Instructional resources are teaching aids in learning activities. They are used to help transfer information and skills by the teacher to the learner. They are available and utilized in teaching and learning environments such as schools, seminars and workshops. Instructional resources includes; textbook, educational media, (library media print, non-print, and electronic resources), computer software, videotapes, films, DVDs, and instructional television programs. All these represent fundamental resources for school in enhancing instruction ,further the pursuit of knowledge and providing experiences of educational significance to learners (Gene, 2013). Ijaodola (2010) refers to instructional resources as objects or devices which help the teacher to make learning meaningful to the learners. Similarly, Legget (2005) classified instructional resources into two types: as visual materials, made up of reading and non-reading materials and audiovisual materials comprising electrically operated and non-electrically operated materials.
Instructional resources as the name suggests are materials of visual, audio and audio-visual category that helps to make concepts abstracts and idea concrete in the teaching and learning process. They are also materials which the teacher uses to facilitate learning for better results. Likewise, it is the use of the chalkboard, charts, models, overhead projectors, films, television and computers in teaching process. Akinpelu (2011). He also stated that it is not just the use of tools of technology alone but a systematic integrated organization of machines hard wares and soft wares to the solution of problems in education.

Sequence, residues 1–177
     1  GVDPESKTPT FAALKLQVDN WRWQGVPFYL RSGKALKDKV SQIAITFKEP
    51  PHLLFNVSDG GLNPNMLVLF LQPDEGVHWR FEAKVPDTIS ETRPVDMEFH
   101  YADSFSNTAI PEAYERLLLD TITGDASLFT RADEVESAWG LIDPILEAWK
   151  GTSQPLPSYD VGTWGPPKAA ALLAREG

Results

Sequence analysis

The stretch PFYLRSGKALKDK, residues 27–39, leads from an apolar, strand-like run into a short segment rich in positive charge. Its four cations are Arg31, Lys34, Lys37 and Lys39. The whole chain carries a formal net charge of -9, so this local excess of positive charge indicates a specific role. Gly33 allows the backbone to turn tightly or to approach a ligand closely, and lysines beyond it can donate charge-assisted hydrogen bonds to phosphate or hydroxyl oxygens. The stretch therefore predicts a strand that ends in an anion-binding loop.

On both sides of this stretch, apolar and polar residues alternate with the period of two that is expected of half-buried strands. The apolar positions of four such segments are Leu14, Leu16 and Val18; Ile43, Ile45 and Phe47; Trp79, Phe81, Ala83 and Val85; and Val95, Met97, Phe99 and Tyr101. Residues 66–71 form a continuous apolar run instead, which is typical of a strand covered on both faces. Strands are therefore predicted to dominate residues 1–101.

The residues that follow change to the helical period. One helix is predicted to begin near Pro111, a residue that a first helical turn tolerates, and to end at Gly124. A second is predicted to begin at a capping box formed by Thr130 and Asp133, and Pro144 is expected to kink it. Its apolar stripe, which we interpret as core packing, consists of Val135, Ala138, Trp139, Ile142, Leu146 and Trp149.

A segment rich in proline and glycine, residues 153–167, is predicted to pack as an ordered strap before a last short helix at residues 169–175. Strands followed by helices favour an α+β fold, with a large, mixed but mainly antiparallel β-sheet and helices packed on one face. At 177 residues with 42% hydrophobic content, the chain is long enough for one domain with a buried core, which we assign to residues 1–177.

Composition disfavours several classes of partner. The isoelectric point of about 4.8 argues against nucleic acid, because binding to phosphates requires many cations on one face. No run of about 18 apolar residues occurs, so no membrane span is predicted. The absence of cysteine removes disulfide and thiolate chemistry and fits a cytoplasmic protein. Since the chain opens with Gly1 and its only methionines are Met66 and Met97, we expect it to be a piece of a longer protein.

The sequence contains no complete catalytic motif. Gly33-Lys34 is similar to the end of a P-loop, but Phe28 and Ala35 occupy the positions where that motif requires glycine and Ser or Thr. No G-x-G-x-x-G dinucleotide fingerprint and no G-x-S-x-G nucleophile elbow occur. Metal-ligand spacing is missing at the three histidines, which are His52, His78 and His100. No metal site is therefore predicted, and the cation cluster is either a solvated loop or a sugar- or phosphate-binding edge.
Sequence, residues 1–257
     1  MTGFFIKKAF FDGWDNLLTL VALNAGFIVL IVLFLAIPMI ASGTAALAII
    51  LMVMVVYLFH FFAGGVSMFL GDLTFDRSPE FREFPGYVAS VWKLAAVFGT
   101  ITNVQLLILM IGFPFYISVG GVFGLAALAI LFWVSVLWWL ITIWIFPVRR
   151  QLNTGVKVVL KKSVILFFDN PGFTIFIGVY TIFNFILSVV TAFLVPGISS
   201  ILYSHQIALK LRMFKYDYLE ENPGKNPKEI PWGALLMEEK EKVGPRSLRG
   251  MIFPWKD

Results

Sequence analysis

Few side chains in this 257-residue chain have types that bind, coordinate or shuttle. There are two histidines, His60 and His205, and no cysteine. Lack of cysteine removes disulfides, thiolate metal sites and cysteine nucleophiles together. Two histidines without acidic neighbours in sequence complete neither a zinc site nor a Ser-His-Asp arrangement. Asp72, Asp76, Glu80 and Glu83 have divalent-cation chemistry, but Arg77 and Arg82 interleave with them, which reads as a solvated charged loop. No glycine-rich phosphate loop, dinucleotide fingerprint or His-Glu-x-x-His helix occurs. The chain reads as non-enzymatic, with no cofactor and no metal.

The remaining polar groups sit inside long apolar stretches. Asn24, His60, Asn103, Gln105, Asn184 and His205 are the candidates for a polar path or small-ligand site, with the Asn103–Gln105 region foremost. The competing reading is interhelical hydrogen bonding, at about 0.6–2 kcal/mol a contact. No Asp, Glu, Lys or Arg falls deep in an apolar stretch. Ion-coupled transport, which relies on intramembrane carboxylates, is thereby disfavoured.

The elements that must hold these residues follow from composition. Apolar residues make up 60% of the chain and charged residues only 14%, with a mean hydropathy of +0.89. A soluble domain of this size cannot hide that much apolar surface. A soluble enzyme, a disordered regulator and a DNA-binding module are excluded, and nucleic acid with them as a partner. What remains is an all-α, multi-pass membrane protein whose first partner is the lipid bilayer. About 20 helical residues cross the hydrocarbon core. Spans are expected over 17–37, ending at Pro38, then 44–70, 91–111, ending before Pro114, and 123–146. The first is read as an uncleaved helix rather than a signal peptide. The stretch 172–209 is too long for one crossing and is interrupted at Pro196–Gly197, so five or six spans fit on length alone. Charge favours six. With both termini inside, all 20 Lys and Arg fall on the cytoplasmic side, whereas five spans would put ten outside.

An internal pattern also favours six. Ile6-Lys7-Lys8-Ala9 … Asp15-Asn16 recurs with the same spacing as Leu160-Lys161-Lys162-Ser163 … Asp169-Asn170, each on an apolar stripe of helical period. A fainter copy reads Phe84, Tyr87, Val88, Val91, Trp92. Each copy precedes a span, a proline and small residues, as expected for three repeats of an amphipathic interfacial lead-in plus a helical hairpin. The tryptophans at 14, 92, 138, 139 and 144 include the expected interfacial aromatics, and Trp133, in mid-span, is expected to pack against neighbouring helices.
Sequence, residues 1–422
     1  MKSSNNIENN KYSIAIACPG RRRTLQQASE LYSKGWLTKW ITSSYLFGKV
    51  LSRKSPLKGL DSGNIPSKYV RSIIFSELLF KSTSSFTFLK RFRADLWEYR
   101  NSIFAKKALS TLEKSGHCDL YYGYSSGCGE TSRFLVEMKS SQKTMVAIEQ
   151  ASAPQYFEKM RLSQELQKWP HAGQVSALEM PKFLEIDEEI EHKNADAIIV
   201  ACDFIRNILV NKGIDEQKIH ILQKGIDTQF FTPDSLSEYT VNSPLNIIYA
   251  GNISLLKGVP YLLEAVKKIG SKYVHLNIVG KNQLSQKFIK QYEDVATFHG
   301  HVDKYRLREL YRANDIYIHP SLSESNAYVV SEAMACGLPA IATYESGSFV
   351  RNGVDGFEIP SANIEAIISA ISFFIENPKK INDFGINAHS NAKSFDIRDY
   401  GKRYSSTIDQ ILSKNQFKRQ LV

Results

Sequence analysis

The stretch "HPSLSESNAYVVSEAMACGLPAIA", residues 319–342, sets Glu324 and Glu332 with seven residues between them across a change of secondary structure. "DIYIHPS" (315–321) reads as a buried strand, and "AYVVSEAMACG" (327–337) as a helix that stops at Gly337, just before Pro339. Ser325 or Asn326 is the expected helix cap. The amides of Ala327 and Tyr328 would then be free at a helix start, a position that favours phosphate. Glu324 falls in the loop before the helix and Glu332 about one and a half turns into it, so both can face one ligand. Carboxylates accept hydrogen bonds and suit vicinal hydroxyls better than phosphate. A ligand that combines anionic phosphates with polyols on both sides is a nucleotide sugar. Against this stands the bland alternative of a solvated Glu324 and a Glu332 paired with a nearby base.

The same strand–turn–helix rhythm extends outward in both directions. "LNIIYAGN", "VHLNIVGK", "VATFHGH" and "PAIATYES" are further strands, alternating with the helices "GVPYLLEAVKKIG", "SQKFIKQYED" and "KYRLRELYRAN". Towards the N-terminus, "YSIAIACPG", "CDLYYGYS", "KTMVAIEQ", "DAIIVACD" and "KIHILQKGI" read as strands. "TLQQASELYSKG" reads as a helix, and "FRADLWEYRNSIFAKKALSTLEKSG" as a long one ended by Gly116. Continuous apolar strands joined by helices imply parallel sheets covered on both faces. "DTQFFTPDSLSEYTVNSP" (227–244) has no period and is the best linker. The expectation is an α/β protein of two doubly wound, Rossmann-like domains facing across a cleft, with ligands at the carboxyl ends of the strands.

The influence of instructional resources in promoting students’ academic performance in teaching and learning educational development was indispensable. Instructional resources are used by teachers to teach, facilitate teaching and learning, which make a successful transfer of knowledge from the teacher to the learner, make lessons explicit to learners. Jekayinfa;ALloyd, (2011).
Moreover, If instructional resources is well utilized, it will give the students real experiences of what the teacher is teaching, so it is the duty of the teacher to ensure that the materials to be used as instructional resources are not only available but also accessible to him and affordable. Abioye (2006).
Basic Technology is a subject that depends on the use of numbers of resources. Ijaodola (2010) summarized those resources as textual like books, audio-visual and human resources. They stated that these resources are either used individually or collectively in any meaningful Basic Technology teaching and learning situation. Jekayinfa (2011) opined that instructional resources are used for teaching and learning. Instructional resources help learners to gain facts and develop cognitive process. Instructional resources in classrooms need to reflect the most recent information, research and academic contents standards. This instructional resources must provide a vivid demonstration of subject been taught. (Jimoh, 2010).